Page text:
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When dealing with trade data, for example from TAQ, a common problem is that of determining whether a trade was a buy or a sell. The most commonly used classifier is the Lee-Ready algorithm (Inferring trade direction from intraday data, 1991). Unfortunately, this method is known to be inaccurate: Lee and Radhakrishna (Inferring investor behaviour: evidence from TORQ data, 2000) report that Lee-Ready incorrectly classifies 24% of the trades inside the spread.

How to improve on Lee-Ready's recipie? What are the best algorithms for trade classification?

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  • $\begingroup$ On every trade there is both a buyer and a seller. When you talk of a buy or sell do you mean which side was the aggressor? ( removed liquidity). In the case of intraspread prints even that gets pretty blurry since you have to consider internalizers and pay for order flow models.... $\endgroup$ – PabTorre Sep 28 '13 at 5:28
  • $\begingroup$ Have a look at the VPIN papers for their method. $\endgroup$ – user2763361 Oct 2 '13 at 14:12
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Don't use TAQ. The reporting times of the trades can be a few seconds delayed. Use the exchange feeds. There you can see which order crossed the spread. The only issue that you will run into is hidden orders. In that case you simply can't tell. (eg: The mkt is 30.00x 30.02 and then you see 30.01 trade. You don't have any way to tell if there was a hidden offer or bid.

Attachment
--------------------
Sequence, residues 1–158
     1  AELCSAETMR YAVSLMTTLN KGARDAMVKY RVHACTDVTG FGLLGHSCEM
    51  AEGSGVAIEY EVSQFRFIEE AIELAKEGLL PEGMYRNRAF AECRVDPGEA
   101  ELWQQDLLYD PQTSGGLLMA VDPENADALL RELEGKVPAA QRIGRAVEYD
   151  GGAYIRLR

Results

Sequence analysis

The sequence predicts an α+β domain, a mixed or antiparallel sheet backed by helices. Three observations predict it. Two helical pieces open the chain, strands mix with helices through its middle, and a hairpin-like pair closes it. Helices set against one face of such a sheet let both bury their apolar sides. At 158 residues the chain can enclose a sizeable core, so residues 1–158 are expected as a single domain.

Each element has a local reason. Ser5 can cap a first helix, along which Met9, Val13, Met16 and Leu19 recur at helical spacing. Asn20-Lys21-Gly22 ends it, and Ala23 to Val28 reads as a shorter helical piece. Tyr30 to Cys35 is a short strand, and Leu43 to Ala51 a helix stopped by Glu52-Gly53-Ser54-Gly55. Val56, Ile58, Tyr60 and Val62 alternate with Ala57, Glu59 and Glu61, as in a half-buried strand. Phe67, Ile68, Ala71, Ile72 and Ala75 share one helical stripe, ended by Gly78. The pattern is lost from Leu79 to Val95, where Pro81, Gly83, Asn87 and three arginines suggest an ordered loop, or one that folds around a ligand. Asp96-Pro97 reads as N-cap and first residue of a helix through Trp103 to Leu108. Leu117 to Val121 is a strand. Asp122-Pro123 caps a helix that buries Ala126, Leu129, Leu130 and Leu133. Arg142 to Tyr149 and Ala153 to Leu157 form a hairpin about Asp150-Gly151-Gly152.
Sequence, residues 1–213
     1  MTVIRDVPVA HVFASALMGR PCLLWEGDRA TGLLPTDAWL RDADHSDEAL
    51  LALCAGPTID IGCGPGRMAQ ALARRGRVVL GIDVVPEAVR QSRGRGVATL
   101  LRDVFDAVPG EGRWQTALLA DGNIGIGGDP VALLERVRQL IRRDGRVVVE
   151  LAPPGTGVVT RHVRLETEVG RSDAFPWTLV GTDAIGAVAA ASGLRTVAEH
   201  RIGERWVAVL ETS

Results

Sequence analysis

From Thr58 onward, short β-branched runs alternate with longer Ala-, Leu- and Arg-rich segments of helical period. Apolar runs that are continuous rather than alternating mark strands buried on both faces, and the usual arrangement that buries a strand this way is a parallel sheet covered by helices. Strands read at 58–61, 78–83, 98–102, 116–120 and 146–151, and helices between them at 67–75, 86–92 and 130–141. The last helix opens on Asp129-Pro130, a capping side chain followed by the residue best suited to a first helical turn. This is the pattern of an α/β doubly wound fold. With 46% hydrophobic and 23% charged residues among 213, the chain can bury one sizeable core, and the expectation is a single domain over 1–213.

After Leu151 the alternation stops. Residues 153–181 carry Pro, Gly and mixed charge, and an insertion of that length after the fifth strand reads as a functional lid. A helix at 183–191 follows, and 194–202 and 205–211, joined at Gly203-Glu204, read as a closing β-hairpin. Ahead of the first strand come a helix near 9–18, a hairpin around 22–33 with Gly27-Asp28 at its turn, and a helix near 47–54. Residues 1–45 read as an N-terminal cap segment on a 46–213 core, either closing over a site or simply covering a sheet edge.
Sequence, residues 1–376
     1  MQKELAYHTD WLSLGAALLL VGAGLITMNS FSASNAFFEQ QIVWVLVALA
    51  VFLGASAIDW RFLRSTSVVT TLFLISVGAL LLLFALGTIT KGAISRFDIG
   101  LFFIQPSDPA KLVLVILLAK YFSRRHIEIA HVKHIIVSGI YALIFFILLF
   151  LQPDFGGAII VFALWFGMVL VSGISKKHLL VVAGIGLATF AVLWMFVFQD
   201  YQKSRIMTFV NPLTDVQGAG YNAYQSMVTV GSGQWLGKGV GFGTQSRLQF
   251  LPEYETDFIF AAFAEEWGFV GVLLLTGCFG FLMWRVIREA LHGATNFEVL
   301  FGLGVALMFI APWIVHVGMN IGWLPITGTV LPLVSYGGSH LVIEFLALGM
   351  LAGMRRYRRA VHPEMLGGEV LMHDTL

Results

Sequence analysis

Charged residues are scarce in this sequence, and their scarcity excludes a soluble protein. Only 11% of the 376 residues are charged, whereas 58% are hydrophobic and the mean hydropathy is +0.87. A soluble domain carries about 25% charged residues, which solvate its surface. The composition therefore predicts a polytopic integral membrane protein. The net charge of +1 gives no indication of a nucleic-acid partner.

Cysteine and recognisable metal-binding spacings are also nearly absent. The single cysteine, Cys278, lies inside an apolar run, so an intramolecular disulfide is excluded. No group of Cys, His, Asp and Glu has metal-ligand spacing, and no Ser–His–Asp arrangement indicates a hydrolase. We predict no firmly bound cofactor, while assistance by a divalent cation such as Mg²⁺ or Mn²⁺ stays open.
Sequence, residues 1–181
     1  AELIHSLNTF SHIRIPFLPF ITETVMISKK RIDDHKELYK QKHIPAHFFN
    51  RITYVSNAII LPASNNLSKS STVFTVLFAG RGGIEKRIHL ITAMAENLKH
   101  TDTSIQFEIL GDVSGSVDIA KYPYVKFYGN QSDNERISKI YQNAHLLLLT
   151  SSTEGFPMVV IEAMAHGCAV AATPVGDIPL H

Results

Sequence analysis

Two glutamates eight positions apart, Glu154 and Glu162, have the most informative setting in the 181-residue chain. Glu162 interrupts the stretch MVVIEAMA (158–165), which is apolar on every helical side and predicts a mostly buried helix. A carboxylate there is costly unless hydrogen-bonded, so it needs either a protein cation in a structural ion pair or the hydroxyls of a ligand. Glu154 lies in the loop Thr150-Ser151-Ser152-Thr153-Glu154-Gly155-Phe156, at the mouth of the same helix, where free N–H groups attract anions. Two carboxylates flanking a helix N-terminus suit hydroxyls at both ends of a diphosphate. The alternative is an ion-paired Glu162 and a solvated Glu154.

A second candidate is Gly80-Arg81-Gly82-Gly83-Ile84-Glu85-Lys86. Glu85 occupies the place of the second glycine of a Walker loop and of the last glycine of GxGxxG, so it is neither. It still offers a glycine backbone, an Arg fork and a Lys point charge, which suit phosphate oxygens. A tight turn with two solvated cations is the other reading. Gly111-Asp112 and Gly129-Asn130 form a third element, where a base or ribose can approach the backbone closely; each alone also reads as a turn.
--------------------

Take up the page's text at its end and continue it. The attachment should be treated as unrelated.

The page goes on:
For trades from dark pools they are really not possible to track since they all go to the ADF with a potential delay and there's no published book.

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There's a lot of literature about Bulk Volume Classification (BVC), which takes a slightly different approach by estimating proportions of bars that are buy vs. sell (rather than classifying individual ticks).

See Easley 2015 for a comparison BVC to tick rules like Lee-Ready in 3 futures markets. Note that futures are probably the easiest market to correctly classify individual trades and thus represent the sternest test re: classification accuracy of BVC vs. tick rules.

I don't think there's a general consensus as to whether BVC outperforms aggregated tick rules in determining VPIN. You'd have to read the below and make your own decision.

For BVC: Panayides 2014

Against BVC: Andersen 2013, Chakrabarty 2014

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Check out this job market paper "Inferring trade directions in fast markets" (3rd in this PhD thesis).

The author uses all possible information on quotes changes to match trades with the corresponding quote. The algorithm is said to outperform the common Lee and Ready (1991), Ellis et al. (2000) and Chakrabarty et al. (2007) algorithms.

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